I had no idea how to even think about responding to that. But no sooner did she ask the question than I saw something else. Again it was right there, and I could barely believe I hadn’t seen it before. Another being, strange like the she-color but completely different. It was human-shaped, only carved out of darkness, like the darkness was a piece of stone. I could see the chisel marks.
It walked towards the colors with a slow, confident stride. In its left hand it held a cigarette, and it took a long drag. The insane thought flashed through my mind that it wasn’t supposed to smoke in the building and that someone was going to bitch it out. It walked up to the color. It was right behind her. It started to reach out.
Danger poured out from the statue-thing like sweat, and all of a sudden I wanted to shout. I wanted to scream to the color-woman and tell her that there was something behind her and she needed to run away as fast as she could. But my throat was full of cinnamon. The dark-stone thing’s hand stretched towards her. It’s obsidian face stretched into a grin. It uncurled a single finger, black as Turkish coffee spiked with coal dust. The finger hovered towards her. Seeking. Hungry. I tried to wave my hand. To scream. Anything to warn her.
“Don’t!” yelled the voice in my ear. The sound of 80 different Nickelback songs with the volume blasted to 11 exploded in my head, and I clasped my hands over my ears.
The black statue’s hand descended, and tapped the swirl of colors right where her shoulder should be.
“Alright, that should do it,” said a pleasant voice in my ear. “Thanks for all your help!”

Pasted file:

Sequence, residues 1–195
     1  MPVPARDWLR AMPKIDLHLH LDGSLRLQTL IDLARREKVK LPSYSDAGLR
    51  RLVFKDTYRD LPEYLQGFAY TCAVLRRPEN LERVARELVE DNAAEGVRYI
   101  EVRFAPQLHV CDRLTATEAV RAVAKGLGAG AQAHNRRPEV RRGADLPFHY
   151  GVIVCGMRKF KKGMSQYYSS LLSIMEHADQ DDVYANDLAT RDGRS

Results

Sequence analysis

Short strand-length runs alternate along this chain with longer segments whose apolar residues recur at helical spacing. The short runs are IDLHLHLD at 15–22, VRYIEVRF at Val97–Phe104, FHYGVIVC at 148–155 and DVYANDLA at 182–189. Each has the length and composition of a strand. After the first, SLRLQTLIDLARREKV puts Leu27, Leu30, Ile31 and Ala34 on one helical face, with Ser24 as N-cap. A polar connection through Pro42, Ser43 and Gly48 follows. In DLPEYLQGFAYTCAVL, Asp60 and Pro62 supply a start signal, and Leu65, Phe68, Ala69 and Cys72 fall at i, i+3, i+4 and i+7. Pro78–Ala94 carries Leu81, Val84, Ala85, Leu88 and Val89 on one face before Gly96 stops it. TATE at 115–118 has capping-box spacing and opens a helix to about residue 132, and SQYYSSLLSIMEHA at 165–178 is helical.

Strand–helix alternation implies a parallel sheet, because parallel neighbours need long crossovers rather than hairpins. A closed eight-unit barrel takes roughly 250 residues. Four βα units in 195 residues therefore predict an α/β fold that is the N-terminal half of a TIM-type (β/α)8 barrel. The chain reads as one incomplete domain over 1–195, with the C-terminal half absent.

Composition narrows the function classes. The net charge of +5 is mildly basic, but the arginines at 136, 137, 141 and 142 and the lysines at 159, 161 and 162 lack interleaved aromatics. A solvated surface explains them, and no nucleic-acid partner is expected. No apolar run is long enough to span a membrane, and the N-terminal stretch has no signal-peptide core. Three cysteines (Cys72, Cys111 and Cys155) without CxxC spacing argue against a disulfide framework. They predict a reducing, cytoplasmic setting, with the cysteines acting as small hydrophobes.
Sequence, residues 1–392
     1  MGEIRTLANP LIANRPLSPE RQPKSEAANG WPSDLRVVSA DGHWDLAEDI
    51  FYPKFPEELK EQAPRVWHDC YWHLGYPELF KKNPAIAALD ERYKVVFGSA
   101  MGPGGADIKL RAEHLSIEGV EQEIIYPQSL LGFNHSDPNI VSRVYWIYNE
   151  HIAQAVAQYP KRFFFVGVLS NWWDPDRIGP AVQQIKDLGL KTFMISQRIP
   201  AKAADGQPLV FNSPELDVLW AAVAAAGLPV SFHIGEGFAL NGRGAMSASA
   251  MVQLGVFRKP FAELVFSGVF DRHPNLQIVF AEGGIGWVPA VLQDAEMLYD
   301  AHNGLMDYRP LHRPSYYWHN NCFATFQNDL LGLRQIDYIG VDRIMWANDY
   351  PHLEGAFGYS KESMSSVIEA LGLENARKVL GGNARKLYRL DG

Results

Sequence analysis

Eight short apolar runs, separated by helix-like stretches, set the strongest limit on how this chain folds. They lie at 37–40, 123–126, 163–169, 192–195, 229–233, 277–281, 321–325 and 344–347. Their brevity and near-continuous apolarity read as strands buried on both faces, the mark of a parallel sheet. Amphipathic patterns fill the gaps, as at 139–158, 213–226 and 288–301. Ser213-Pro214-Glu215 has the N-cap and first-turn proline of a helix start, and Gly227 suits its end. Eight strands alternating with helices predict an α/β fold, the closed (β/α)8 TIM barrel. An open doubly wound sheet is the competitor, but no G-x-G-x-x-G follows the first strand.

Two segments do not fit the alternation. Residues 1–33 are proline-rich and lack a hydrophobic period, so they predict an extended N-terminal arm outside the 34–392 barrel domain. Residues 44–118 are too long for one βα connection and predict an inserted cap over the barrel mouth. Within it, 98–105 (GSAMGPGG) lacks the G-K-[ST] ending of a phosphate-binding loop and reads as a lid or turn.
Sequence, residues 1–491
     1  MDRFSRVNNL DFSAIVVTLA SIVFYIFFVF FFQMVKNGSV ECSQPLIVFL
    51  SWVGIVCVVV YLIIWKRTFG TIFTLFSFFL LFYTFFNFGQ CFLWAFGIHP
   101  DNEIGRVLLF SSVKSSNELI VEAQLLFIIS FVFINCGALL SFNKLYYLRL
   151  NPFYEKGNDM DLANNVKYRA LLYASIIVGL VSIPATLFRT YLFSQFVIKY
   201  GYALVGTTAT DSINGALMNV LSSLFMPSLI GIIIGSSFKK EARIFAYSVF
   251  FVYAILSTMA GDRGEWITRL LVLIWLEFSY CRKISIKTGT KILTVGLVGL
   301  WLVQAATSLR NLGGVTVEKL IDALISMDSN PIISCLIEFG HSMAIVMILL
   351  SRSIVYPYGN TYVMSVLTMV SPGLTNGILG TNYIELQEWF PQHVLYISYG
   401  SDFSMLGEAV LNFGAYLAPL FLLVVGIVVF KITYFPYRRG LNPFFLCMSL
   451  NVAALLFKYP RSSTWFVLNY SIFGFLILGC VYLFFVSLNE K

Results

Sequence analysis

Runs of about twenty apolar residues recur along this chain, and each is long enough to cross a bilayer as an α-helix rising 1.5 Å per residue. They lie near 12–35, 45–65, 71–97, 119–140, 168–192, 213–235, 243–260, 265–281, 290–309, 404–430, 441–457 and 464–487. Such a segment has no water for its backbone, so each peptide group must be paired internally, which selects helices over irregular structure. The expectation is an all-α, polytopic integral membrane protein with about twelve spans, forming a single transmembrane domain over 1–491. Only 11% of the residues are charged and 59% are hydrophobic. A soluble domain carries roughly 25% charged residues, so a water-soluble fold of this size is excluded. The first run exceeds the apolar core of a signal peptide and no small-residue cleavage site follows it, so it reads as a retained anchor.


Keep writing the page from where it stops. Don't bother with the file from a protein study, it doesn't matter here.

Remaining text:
“Zuh?” I stared at a customer’s info on my computer screen.
“I said thanks for your help,” said the customer. She sounded like she meant it.
“Oh,” I stammered. “Um…you’re welcome.”
“Are you alright?”
“Yeah, I’m fine. I think I might have just had a little stroke there, for a minute. I’ll be alright.”
She laughed. Apparently I had charmed this woman. Wait, no that didn’t sound right. I was standing up, starting at a swirl of colors that needed a bra and a stone statue with a nicotine addiction. Wasn’t I?
“You’re funny,” said the woman on the phone.
“Thanks,” I said.
I was sitting down at my desk. The babble of my coworkers doing anything but their jobs filled the air around me. I stood up and took a look. N one was staring at me, and there were absolutely no swirling masses of pureed Skittles. I had spent the last few minutes on the phone with a woman, helping her with a vacation package. I could even sort of remember doing it, now that I was here. It made so much more sense.
All of the other stuff felt so real. Embarrassingly real. But that was just some brain thing. Dreams feel that real sometimes, too. I’d go home and kill the part of the brain responsible with euphoria-inducing compounds and get on with my life. Confusion and relief mixed inside of me, like I was the Boston shaker for one of those weird cocktails that they serve at the after party of a science fiction convention.
“Are you sure you’re okay?” the woman asked again.
“Definitely. Is there anything else I can help you with?”
“No. I’m perfect.”
“Well then I’d like to thank you for choosing Lucky Travel, and I hope you have a fantastic trip. And sorry again for getting weird there for a second.”
“Don’t worry about it,” she said. “Have a good rest of your evening, Dendrite.”